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6. Nodes

Nodes are the primary segments of a Texinfo file. They do not in and of themselves impose a hierarchical or any other kind of structure on a file. Nodes contain node pointers that name other nodes, and can contain menus which are lists of nodes. In Info, the movement commands can carry you to a pointed-to node or to a node listed in a menu.

Node pointers and menus provide structure for Info files just as chapters, sections, subsections, and the like, provide structure for printed books.

Because node names are used in cross-references, it is not desirable to casually change them. Such name changes invalidate references from other manuals, from mail archives, and so on.

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6.1 Two Paths

The node and menu commands and the chapter structuring commands are technically independent of each other:

You can use node pointers and menus to structure an Info file any way you want; and you can write a Texinfo file so that its Info output has a different structure than its printed output. However, virtually all Texinfo files are written such that the structure for the Info output corresponds to the structure for the printed output. It is neither convenient nor understandable to the reader to do otherwise.

Generally, printed output is structured in a tree-like hierarchy in which the chapters are the major limbs from which the sections branch out. Similarly, node pointers and menus are organized to create a matching structure in the Info output.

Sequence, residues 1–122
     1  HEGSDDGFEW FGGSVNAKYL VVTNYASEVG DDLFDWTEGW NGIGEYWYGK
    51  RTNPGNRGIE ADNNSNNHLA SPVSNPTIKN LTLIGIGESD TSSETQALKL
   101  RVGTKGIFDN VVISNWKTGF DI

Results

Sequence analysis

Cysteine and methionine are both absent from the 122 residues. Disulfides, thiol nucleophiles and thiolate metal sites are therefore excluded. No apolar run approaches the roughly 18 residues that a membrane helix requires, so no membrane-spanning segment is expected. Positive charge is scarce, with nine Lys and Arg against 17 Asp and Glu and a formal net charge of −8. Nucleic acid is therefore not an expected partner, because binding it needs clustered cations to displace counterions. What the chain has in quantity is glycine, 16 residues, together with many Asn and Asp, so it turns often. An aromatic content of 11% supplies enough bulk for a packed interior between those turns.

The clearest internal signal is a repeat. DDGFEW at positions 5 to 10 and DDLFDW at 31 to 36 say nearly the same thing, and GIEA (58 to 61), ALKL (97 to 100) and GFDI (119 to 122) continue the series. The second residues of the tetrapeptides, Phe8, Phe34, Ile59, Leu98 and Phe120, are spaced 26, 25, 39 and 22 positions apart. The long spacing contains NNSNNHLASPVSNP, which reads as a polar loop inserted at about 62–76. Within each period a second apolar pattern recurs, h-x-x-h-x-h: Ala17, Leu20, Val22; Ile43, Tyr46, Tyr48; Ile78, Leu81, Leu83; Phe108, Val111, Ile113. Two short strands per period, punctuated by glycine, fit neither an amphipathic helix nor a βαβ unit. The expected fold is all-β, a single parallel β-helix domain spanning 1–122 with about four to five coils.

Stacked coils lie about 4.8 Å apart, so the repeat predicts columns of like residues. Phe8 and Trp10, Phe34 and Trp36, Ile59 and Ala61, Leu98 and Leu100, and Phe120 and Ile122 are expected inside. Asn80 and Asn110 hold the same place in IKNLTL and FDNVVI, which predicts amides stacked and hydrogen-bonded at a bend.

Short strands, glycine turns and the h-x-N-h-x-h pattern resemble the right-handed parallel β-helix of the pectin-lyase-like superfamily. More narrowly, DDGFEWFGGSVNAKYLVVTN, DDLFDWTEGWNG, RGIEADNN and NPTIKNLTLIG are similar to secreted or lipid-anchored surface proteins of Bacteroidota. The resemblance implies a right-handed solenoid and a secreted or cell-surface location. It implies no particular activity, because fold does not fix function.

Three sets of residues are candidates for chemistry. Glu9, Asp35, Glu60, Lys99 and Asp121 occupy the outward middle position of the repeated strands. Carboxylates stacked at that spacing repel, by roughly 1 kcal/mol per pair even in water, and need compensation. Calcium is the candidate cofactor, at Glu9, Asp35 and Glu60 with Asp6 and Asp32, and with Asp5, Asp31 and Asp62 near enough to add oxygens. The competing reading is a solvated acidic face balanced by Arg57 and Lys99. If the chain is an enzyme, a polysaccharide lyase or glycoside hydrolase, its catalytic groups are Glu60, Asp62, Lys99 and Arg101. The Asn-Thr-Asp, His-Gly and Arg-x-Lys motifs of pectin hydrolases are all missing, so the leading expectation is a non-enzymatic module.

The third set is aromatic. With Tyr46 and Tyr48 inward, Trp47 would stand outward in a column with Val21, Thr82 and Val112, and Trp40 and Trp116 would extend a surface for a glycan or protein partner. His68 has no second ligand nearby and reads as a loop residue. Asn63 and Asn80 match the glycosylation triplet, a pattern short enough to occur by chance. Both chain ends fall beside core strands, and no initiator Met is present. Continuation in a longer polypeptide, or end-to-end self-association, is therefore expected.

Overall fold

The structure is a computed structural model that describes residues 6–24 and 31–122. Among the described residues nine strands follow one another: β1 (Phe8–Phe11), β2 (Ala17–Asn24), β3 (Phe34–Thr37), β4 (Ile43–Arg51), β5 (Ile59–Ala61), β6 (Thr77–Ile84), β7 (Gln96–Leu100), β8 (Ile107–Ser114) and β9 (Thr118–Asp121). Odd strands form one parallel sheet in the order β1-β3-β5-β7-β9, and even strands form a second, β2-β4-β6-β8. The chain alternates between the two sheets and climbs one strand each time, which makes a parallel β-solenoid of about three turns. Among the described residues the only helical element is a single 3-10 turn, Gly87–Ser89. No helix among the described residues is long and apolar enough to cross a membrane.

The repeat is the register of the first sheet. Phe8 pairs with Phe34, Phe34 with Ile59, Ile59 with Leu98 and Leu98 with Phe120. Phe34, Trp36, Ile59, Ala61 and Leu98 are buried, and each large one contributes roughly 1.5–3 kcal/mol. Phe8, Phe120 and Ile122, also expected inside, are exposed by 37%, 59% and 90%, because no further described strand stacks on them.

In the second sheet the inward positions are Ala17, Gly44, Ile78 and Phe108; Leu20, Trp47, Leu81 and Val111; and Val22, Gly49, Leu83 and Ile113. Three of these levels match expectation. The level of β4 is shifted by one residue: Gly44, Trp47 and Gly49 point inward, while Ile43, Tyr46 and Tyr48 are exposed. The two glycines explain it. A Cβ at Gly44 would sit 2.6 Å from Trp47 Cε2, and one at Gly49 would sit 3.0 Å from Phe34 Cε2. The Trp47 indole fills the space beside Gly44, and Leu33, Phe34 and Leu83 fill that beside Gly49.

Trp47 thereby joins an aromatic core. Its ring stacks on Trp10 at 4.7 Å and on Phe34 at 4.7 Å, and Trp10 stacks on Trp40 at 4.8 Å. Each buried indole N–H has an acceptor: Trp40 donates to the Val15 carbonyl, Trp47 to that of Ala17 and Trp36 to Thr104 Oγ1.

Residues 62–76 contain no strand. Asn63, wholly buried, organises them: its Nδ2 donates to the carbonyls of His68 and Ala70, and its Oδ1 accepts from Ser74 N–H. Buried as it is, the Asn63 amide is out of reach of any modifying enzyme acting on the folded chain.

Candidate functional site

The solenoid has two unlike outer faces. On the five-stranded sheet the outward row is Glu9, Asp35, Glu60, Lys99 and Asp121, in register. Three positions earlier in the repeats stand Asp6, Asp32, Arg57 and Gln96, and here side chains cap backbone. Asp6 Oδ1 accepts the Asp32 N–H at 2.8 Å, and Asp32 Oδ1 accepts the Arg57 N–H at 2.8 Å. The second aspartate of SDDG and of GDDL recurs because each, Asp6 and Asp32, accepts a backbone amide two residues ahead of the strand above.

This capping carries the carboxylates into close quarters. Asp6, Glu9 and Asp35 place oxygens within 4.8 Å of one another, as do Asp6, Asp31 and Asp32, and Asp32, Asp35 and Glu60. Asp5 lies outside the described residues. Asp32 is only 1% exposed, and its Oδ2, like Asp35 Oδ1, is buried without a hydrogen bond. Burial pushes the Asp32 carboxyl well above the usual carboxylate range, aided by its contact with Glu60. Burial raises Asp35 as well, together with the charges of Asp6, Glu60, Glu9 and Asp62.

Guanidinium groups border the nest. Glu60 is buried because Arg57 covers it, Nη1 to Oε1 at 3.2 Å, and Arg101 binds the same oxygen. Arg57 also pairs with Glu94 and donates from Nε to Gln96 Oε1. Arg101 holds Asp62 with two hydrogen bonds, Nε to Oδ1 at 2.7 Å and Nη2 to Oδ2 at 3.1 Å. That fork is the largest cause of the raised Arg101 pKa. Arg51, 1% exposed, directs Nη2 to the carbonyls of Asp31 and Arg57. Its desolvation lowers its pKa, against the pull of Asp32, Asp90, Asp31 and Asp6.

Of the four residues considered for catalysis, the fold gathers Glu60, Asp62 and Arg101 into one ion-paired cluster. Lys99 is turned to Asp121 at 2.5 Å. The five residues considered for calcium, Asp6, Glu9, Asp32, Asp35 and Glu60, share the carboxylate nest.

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6.2 Node and Menu Illustration

Here is a copy of the diagram shown earlier that illustrates a Texinfo file with three chapters, each of which contains two sections.

The “root” is at the top of the diagram and the “leaves” are at the bottom. This is how such a diagram is drawn conventionally; it illustrates an upside-down tree. For this reason, the root node is called the ‘Top’ node, and ‘Up’ node pointers carry you closer to the root.

       |                  |                  |
    Chapter 1          Chapter 2          Chapter 3
       |                  |                  |
    --------           --------           --------
   |        |         |        |         |        |
Section  Section   Section  Section   Section  Section
  1.1      1.2       2.1      2.2       3.1      3.2

The fully-written command to start Chapter 2 would be this:

@node     Chapter 2,  Chapter 3, Chapter 1, Top
@comment  node-name,  next,      previous,  up